This video is about ancient Greek pottery.
Today, there was a tour with Dr Ruurd Halbertsma in the antiquities museum, specially on graves of the ancient Greeks and Romans.
We started at a big funeral vase of about 740 BCE, from the region around Athens. Originally, Greeks put vases on their graves; tombstones came later.
The vase has no bottom. There used to be theory that was to pour libations of wine for the deceased into the grave.
However, it was really to prevent rain from accumulating into the vase, allowing it to seep away into the ground.
About three hundred years later in Athens, much had changed. Tombstones had replaced pots. There were conflicts between aristocratic rich families and democratic politicians about how big the biggest funeral monuments were allowed to be.
Many tombstones depicted a handshake, symbolizing continuing links after death.
One of these stones had originally been a woman’s tombstone. However, later when there was apparently no longer a family interested in it, it was sold to a non Athenian citizen, an immigrant probably with not enough money for a new tombstone of his own.
A sculptor then remade the woman’s tombstone into a man’s tombstone, however without destroying all traces of its original purpose.
This stone used to be property of famous Flemish painter Rubens. Apart from being a painter and a diplomat, he was also an antiquities trader. He resold most antiquities which he bought, sometimes after using them in this paintings, keeping only a few items permanently.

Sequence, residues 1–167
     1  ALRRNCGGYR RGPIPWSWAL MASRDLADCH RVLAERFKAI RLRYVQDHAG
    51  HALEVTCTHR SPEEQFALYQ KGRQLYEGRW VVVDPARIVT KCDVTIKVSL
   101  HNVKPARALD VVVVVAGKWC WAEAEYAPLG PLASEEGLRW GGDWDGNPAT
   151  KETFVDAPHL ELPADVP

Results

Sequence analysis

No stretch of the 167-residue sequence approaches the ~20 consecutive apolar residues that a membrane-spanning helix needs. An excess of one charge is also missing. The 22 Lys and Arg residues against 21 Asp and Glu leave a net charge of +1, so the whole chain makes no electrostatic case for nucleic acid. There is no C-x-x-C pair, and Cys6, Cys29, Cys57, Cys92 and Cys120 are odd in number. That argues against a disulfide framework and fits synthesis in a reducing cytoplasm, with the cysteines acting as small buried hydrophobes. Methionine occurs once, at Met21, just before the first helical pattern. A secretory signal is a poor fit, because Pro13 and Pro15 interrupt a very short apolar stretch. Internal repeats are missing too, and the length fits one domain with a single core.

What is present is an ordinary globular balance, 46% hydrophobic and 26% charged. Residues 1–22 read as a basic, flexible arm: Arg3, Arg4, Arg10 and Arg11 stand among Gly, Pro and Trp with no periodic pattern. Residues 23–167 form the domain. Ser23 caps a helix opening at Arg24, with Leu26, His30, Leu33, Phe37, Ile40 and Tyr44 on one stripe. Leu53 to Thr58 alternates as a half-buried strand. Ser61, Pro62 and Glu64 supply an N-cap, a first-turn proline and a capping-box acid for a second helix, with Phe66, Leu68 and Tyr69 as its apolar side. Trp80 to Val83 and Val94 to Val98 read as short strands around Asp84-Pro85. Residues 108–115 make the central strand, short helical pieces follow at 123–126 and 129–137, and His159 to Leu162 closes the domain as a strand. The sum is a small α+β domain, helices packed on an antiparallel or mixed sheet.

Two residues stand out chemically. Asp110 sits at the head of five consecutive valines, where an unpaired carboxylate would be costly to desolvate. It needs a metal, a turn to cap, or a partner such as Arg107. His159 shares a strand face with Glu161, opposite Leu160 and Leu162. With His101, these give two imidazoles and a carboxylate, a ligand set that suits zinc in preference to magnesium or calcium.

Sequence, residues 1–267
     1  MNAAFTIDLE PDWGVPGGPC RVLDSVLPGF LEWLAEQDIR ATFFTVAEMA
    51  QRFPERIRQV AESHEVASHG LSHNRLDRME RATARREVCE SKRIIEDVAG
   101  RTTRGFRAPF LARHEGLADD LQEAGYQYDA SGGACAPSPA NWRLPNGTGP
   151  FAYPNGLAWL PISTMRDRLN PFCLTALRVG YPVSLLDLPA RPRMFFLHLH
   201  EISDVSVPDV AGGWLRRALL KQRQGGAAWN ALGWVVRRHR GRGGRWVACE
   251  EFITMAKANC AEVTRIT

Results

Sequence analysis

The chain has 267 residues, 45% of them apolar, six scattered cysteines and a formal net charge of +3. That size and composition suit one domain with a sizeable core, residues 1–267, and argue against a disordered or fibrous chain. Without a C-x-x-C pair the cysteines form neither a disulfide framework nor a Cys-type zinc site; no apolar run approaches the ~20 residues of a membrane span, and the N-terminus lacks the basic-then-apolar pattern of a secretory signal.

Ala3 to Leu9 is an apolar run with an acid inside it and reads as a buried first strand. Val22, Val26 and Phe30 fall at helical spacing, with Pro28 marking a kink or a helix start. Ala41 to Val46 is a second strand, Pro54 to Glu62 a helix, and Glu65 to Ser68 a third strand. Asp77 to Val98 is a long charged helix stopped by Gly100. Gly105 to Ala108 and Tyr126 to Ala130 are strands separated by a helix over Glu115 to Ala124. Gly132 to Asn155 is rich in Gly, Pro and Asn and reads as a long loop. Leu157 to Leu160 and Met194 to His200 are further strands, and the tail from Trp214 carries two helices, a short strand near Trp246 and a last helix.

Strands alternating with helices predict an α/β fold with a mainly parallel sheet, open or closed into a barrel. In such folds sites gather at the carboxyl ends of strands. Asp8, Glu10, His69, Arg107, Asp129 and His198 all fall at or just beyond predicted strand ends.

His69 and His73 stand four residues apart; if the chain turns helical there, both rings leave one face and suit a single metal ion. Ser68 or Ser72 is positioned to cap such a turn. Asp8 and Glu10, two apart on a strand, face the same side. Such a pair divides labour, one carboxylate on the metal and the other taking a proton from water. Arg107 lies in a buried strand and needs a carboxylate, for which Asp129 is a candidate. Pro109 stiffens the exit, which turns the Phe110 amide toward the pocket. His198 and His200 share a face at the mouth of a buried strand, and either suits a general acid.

Rubens used to own a Roman sarcophagus as well.
Opposite Rubens’ Greek tombstone, the big monument of the young woman Archestrate, from Sounion, South East of Athens.
The museum bought it in 1820.
Over a hundred years later, in the Hellenistic period, in Asia Minor, styles changed again. The deceased was depicted now much bigger than other figures, differently from the earlier more realist style.
Borderlines between gods and humans became fuzzier through the concept of heroic demigods. Heroic depictions of the deceased helped originate the idea, first in the east, then in the west, of the Roman empire that emperors became gods after, later even before their deaths.
Also in the depiction of a Germanic soldier in the Roman army, found in the Netherlands, the deceased looks much bigger than a servant.
A unique funeral monument in this museum is the Simpelveld sarcophagus, from the Roman age in the Netherlands.
Unlike tombstones, it is underground.
And unlike other sarcophaguses, the decoration is on the inside, not the outside, of the coffin.